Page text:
So the theme early in the sixth season was re-introduction to the characters of Mulder and Scully. It was about showing the new viewers who these people were without committing a blatant rehash. This fed into the idea of Mulder and Scully as mythic individuals, legendary to the point of having outlandish adventures that proved their unique bond. All well and good, but at the same time, the writers struggled with the challenge of doing so without letting the stories themselves slip in the process.

    The opening scene is directly related to that mission statement. Scully points out (quite logically) that they have been letting life pass them by while grasping at the vague hope of answers and proof. In that moment, Scully once again reaffirms that she is fully invested in Mulder’s quest; note how she is equally sure that Top Secret flights are being conducted. At the same time, she’s wondering if they would be better served by abandoning the search and finding a new way to live. (And for those looking for hints of romance, there is the unspoken assumption that this “normal life” would be together.)

    The series had long since embraced self-parody, though the earliest examples were quite clever and even literary in scope. The sixth season was the beginning of a general slide towards forced humor. In this case, the more serious implications of a switch between Mulder and a “man in black” are mated with gags and jokes that are perhaps more appropriate to “Freaky Friday”. While some moments are amusing, some are downright silly and poorly executed. (The infamous “mirror scene”, for instance, is horribly done and far too long, with the two actors out of step on several occasions.)

    One obvious problem with the gag was Scully’s reaction to Morris. (For simplicity’s sake, the controlling “personality” will be referenced, regardless of the body in use at the time!). It simply took too long for Scully to come around to the idea that something unusual was taking place (he called her “Dana”!). Given how often these two have been the victim of such a switch, thanks to shapeshifters, one would think that they have a simple protocol for ensuring identity. At the very least, Scully might wonder if Mulder has been adversely affected by something, especially when he started making passes at other women and treating her like a piece of meat (Mulder’s use/misuse of authority with Scully has always shown itself in a very different way).

    Also over the top was Mrs. Fletcher and the rest of the Fletcher household. She comes across as a completely unreasonable harridan, and the kids are stereotypically out of control. Duchovny plays these “family” scenes very broadly, which is clearly meant to be amusing and a showcase of his comedic talents. While there are some truly funny scenes throughout (Mulder mumbling Scully’s name after falling asleep watching porn is particularly priceless), they don’t mesh particularly well with the idea of a mythology episode.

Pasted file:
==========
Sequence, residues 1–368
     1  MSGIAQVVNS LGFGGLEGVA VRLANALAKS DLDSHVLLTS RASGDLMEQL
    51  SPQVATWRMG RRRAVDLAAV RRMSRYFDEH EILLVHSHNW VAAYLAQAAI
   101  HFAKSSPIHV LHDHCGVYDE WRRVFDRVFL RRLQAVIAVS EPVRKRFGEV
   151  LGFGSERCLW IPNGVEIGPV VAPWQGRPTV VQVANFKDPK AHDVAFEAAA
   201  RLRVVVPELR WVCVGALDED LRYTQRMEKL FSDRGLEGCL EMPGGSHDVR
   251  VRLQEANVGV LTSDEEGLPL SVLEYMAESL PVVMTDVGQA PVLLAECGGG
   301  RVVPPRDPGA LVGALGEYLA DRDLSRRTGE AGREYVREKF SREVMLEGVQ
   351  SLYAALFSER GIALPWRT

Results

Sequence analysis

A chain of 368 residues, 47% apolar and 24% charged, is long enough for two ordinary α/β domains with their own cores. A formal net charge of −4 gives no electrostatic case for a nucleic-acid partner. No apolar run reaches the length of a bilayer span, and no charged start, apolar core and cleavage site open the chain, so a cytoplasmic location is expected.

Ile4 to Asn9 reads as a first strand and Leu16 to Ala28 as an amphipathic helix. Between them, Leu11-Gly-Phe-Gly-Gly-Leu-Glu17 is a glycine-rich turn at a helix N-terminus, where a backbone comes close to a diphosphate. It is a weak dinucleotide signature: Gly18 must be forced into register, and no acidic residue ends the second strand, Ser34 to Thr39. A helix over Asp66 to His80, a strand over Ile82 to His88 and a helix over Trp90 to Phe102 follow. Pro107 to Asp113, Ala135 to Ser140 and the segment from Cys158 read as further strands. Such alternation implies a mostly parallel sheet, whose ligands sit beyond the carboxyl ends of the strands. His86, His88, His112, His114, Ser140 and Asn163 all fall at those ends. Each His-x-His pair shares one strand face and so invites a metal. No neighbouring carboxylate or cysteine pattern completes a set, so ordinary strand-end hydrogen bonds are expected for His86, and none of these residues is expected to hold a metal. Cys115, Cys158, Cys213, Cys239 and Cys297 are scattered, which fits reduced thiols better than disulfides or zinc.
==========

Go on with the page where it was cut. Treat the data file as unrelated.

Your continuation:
From the standpoint of the mythology, this episode actually touches on some core concepts, most notably the distinction between the body and the soul/spirit/intelligence. Apply a strong enough EM field, out of control as per the unbalanced propulsion methods under test by the conspiracy for their UFOs, and it has an unexpected effect. Why only certain people find themselves thus affected by the unusual properties of the damaged hyperspace propulsion engine is unknown; one might suppose that it is tied to the unique genetic properties of those more likely to survive separation of mind and body. (Mulder, of course, known to have the latent abilities of the “sentinels”, as William’s father.)

    By showing what happens when the engines for the “UFOs” don’t work correctly, the writers essentially bring to mind the power and technology necessary to make it in the first place. Long-time fans might remember “Synchrony” and how it meshes hyperspace wormhole travel with manipulation of space-time, but this brings the question down to the quantum level. In essence, the malfunctioning hyperspace drive has resulted in a wave of improbability; events that normally are impossible (two objects occupying the same space and time and surviving) are now made possible. The comment about gravity being incorporated in the propulsion system speaks to a depth of knowledge in advanced physics akin to the “Grand Unified Theory”, merging electro-magnetism, quantum mechanics, and gravity as one single type of force expression.

    In switching Mulder with Morris (and vice versa), smaller but interesting aspects of the conspiracy and the mythology reveal themselves. The conspiracy has been working on building the hyperspace drives since before 1953, which fits neatly into the established timelines. One of the more interesting toss-away jokes has been the idea of Saddam Hussein as stooge of the conspiracy, an actor playing a role. While this is a nice enough joke, it actually fits into the idea of a conspiracy using manufactured wars to test emerging “super-soldier” technology. In fact, the Persian Gulf Conflict has been revealed as the testing ground for everything from the nanotech-driven super-soldiers to vaccines against Purity.